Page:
This Christmas, I decided to do something about it. This plan was also partly because of his new student status, and our lack of funds to actually buy each other things for Christmas.
They were still a wee bit big on him – I usually like my socks smaller than my feet, so the stretch and hug a little. These I think were the same dimensions as his feet, so he wore them around the house as slipper socks.
Sadly, a week ago, he brought them to me with a GIANT hole in the foot. “I’m so sorry, I don’t know what I did, I just wear them around the house, never in shoes!” Of course, not his fault at all, but I’m a little puzzled about how quickly they wore out. I’m going to knit him a pair of plain ribbed socks next, and see how those wear. He did love his skull-gyle.
I’m in this photo! Christmas by the fire at my parents’ house.
And I was all like:
For the non-knitters out there, steeking is when you take a pair of scissors to your knitted project, on purpose. Why would you do that? Well, take for example a colourwork (not striped) cardigan. It is much easier to knit colourwork as a tube of knitting. The thing is, cardigans are flat, pullovers are tubes. So some knitter, somewhere, rather than face purling with two colours, decided to just chop up their knitting. And it worked.
It is plenty stressful, bu rewarding when it works. The scary thing (for me) was that I couldn’t try the sweater on as I went, because it has a deep V-neck. Imagine sewing the two sides of the neck of your deepest V sweater together. You couldn’t fit your body in there now. I was just doing it backwards. Luckily, it worked out.
I started this sweater (Little Birds by Ysolda Teague) in September, ran out of grey in November, put it in time out for most of December, then rushed through the first week of January to finish it before my trip with mum.
I really like it, and it fits well, although I do feel I could space the buttons out a little more to get it the tiniest bit tighter in that area. But still, a very successful knit, that I’ve already worn to work (the office, not the theatre) once.
I’ll never be a blogger with a ‘brand’ or ‘branding’, advertisers will never want to shell out money for ads here, I will never have a post with ‘reveal!’ in the title, no one is going to ask me to write a book based on my blog, I wouldn’t call myself a taste-maker or any sort of maven, and I’m ok with that (mostly. I’d like to write a book, I just don’t know about what). I’ve always enjoyed the idea of keeping a diary, and typing is just so much faster. My work schedule gets way too hectic for me to think about blogging for weeks at a time. But I always come back, because I do like to share my craft projects and random photos from my life. (PS: this is as close as you’ll ever get to an apology for not blogging – I hate it when bloggers do that! Your blog is not your life.)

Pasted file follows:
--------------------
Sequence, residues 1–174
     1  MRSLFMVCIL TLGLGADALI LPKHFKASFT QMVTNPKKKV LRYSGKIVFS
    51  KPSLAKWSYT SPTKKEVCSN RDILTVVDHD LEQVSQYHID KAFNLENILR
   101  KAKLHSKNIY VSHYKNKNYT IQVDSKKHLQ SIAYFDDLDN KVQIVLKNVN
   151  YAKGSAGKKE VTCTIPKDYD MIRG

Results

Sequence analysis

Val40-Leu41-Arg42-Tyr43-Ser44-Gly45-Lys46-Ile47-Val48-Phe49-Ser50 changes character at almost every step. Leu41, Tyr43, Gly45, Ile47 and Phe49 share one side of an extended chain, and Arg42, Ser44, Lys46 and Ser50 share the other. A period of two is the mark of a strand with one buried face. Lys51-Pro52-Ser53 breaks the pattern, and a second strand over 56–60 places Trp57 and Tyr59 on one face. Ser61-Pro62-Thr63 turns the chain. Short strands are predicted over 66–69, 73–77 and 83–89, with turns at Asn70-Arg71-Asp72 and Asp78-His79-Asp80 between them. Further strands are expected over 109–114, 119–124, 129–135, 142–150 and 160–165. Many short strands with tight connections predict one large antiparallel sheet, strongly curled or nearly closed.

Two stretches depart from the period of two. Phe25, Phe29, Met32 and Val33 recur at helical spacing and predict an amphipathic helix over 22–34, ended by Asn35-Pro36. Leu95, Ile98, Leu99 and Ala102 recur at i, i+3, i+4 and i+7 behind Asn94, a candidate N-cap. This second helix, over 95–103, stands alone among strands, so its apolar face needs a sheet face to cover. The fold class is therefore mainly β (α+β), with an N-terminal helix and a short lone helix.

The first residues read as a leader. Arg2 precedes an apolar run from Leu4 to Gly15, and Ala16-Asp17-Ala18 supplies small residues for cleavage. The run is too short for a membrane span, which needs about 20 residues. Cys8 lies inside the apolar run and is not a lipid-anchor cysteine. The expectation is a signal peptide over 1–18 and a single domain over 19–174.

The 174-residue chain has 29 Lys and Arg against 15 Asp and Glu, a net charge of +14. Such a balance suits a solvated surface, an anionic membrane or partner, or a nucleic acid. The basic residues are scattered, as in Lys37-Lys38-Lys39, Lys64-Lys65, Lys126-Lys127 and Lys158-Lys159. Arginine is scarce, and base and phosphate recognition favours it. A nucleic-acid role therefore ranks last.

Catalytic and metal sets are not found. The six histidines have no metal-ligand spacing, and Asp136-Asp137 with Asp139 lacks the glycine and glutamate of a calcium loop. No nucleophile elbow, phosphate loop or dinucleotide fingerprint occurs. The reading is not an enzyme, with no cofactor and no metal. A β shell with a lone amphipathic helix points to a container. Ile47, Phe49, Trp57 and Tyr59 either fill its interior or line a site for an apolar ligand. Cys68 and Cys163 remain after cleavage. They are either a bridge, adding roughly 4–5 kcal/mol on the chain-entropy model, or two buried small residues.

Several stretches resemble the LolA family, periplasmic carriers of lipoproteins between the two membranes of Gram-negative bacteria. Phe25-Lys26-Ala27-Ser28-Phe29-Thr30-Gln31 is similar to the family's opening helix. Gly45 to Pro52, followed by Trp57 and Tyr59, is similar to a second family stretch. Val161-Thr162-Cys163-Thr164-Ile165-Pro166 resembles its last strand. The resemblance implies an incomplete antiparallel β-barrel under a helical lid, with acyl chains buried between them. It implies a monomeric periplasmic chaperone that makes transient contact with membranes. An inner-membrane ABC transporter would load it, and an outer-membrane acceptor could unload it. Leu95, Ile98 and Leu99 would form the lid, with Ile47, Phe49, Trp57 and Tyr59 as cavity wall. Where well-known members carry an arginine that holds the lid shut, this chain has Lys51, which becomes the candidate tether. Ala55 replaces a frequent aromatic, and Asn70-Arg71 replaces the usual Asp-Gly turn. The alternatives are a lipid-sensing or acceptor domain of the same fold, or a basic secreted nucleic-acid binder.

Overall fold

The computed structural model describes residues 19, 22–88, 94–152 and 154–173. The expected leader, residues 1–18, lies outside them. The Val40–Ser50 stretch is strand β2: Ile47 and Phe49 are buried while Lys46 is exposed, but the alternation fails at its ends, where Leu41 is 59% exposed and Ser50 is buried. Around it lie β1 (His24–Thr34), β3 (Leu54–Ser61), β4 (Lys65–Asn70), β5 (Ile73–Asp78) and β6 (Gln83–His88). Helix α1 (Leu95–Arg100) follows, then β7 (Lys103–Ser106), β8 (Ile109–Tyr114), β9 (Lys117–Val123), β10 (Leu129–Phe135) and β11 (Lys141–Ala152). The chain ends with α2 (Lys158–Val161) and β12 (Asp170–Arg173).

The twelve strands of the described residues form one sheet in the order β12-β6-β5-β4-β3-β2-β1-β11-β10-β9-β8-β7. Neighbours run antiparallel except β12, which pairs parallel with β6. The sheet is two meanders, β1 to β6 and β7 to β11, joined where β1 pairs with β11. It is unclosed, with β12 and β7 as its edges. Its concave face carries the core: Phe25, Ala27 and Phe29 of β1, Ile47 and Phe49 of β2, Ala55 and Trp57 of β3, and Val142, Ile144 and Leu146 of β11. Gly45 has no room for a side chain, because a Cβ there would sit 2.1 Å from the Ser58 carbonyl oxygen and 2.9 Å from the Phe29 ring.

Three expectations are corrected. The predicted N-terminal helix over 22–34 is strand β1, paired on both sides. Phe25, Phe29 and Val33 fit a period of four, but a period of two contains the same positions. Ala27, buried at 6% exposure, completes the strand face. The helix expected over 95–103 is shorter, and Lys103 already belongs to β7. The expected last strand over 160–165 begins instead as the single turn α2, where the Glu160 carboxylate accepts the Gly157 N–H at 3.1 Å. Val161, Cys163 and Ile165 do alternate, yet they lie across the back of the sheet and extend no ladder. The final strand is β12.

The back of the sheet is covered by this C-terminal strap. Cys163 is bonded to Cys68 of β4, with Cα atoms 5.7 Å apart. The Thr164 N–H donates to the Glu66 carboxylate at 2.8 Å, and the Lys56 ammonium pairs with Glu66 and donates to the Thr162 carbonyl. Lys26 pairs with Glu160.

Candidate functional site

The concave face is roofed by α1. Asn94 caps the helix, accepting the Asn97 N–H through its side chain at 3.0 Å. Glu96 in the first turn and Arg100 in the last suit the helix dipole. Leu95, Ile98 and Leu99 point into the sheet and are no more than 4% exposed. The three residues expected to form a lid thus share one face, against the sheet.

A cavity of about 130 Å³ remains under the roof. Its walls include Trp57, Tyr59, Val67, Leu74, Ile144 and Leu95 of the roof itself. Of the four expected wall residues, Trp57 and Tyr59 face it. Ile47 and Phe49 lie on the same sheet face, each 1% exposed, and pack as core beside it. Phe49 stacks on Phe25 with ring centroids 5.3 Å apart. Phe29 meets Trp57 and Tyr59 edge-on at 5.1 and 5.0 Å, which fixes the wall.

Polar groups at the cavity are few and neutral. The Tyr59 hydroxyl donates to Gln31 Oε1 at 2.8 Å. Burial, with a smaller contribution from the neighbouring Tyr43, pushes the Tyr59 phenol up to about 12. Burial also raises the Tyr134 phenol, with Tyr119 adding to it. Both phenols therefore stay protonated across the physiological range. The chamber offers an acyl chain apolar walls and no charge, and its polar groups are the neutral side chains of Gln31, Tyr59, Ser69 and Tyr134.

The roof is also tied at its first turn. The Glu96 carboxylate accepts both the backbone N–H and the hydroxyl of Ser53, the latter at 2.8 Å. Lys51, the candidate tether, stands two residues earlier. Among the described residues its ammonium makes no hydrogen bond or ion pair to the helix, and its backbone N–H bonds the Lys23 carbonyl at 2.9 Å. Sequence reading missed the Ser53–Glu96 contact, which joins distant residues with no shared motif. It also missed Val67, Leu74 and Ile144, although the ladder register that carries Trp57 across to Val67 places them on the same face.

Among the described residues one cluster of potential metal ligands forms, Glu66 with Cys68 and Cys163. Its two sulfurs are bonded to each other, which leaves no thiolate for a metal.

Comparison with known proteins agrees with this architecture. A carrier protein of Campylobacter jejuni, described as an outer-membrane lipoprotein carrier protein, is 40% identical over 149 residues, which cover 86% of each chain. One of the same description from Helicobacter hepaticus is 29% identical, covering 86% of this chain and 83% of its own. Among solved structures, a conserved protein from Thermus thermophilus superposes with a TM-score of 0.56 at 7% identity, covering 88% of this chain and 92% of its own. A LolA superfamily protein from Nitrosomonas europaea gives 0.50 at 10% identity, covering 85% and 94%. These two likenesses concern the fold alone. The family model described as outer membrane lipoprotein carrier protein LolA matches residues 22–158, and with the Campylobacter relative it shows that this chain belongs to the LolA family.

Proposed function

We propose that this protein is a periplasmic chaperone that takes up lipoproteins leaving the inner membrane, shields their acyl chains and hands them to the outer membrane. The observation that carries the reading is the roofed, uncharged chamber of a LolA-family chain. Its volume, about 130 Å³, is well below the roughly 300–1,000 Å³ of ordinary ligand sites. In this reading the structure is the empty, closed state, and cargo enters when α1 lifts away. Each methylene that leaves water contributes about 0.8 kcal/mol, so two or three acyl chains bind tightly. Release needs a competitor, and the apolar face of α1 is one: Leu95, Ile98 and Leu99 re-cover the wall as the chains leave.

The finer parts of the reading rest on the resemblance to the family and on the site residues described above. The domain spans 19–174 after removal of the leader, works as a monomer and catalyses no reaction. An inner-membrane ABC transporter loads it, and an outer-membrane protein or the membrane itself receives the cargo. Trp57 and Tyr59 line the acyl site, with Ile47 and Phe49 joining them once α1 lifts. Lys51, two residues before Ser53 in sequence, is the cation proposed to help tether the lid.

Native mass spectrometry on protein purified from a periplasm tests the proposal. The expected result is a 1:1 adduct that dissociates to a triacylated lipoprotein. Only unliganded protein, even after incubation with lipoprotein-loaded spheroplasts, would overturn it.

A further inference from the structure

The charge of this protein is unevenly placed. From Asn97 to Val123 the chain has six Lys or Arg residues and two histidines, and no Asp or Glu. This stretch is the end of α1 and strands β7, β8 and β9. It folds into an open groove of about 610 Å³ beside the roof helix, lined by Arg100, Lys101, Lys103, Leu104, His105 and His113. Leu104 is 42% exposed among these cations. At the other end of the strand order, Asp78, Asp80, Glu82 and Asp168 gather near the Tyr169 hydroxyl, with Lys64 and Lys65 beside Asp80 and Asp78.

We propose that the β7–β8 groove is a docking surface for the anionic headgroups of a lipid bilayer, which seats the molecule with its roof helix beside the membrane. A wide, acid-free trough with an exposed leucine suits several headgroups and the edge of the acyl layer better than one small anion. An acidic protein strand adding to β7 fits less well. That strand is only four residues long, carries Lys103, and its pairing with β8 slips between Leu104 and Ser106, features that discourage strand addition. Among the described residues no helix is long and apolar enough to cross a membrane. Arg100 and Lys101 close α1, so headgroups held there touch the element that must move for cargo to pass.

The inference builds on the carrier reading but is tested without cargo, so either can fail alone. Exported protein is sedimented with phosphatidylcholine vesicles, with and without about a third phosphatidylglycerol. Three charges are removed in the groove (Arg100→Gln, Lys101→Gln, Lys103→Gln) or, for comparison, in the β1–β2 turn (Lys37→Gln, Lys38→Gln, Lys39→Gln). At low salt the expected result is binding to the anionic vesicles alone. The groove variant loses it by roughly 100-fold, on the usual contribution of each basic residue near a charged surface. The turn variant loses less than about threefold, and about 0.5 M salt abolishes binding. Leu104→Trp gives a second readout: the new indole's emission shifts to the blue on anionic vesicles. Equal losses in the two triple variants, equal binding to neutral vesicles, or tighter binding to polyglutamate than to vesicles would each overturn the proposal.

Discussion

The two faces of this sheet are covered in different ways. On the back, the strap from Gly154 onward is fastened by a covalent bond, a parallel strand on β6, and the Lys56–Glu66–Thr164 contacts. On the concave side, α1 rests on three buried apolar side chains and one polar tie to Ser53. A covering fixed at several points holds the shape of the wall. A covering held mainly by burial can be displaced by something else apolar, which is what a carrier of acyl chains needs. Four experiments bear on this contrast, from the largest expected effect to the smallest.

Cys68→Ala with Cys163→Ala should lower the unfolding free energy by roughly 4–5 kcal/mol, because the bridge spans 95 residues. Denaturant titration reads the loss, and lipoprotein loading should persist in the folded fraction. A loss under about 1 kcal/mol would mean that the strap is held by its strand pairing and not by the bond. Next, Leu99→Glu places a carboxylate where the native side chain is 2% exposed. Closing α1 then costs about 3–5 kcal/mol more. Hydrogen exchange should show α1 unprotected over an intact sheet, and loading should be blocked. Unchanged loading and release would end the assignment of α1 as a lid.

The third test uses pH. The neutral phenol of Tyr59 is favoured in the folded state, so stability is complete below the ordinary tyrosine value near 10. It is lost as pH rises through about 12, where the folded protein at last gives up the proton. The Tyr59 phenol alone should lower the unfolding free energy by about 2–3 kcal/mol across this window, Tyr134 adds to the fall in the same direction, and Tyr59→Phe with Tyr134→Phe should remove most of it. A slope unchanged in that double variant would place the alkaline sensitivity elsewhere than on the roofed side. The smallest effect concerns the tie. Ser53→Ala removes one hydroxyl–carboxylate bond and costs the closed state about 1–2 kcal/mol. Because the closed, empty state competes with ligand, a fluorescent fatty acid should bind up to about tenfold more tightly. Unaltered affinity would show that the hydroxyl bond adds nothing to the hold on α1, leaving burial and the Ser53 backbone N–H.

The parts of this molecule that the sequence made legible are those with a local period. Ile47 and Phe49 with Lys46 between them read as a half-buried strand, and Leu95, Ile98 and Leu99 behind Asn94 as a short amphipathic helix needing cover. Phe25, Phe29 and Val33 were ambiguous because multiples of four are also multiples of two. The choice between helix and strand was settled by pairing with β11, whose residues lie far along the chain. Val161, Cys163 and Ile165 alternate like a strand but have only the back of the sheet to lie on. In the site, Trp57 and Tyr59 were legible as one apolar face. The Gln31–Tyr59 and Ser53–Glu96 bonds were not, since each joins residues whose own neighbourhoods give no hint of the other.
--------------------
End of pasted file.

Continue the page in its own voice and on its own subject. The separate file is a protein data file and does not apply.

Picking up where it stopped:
These fingerless mitts for example, that I made almost entirely in the dark backstage during tech:
The temperature in the theatre was somewhere sub-zero for the whole time. I at least get to stand up and walk around, so I was only wearing a few sets of layers. Poor Amy has to sit at the desk the whole time, so she was wrapped up in hoodies and blankets and scarves and my old Endpaper Mitts. I lent her those ones for the two weeks, and worked on these ones as fast as I could backstage. I finished them just in time for opening.
This is some deep stash – I bought it at Sock Summit 2009! It is from Black Trillium Fibres*, and I still have a fair bit left. I could do a short pair of socks, or some longer mitts I think.
They are also a Harry Potter House Cup project… if you thought knitting was geeky, don’t even ask.
*I just realized that this is an American-based indie dyer who actually spells fibre fibre! I knew I loved her stuff for a reason.